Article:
On October 18, I’m hosting a big event to extol the virtues of long-term travel and encourage people to think outside the box in terms of their career and life choices.
I have a confession to make: I’m nervous about speaking publicly as a quasi-expert on the topic, because lately I’ve been feeling very tied down and travel-challenged.
At the Meet, Plan, Go! event in San Francisco (one of 17 such events taking place around the country), I’ll aim to inspire people to use travel to get unstuck, learn, grow, and try to be a force for good in the world. By “travel” I don’t mean spending a week or two at a resort; I mean journeying to new places to live a different way and connect with different cultures. I’ll say it’s the best thing you can ever do as a family, the greatest gift you can give your children. And I’ll use myself and my husband, Morgan, as an example since we took off with our kids in 2009-10 and experienced extreme quality time around the world.
Yet I find myself struggling to walk the talk. We had a “once-in-a-lifetime” journey that many envy, and it led to an important move career-wise—but that was then, this is now. Taking a big, meaningful trip again is starting to feel impossible for a number of reasons:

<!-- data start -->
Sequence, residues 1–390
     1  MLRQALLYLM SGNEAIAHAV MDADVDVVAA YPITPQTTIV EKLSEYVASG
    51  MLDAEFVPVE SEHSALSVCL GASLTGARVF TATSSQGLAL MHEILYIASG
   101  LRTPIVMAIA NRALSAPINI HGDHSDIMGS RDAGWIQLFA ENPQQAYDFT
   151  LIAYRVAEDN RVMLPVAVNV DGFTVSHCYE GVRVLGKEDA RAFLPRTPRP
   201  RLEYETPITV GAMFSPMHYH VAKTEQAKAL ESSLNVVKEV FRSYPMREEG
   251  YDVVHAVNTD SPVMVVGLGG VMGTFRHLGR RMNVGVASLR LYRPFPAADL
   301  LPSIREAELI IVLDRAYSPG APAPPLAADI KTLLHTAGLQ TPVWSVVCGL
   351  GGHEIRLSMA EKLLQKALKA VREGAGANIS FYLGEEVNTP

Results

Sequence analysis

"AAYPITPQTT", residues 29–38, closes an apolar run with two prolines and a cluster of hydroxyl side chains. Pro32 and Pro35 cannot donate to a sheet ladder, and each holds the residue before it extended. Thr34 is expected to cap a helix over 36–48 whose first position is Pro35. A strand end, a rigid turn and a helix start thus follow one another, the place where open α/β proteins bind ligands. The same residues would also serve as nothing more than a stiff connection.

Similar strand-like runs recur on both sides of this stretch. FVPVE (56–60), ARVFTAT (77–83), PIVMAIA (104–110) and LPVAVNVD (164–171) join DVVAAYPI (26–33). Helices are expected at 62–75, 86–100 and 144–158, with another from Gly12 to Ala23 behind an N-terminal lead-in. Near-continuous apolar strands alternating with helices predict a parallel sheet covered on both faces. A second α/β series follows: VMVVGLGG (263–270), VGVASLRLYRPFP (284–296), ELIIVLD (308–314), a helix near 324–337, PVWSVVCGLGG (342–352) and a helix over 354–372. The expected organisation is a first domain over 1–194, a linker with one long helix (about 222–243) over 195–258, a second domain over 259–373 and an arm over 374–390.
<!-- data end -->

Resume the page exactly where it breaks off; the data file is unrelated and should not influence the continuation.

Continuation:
We’re focused on work as Morgan develops a new business and I work for him part time, which means we need to be in an office to build a team and cultivate clients. My 8th-grade daughter is devoting herself to a performance troupe and academics, so she doesn’t want to miss rehearsals or school. Extended family members have health issues, so I feel that any time off and money for plane tickets should go toward visiting them. We just sunk a chunk of money into house repairs, and we need to save for the kids’ educational costs.
Only my 5th-grade son is relatively untethered, but he looks horrified when I float the idea of spending a semester of his 6th-grade year in Central America to learn Spanish. He doesn’t want to leave his school and friends to travel for longer than a few weeks.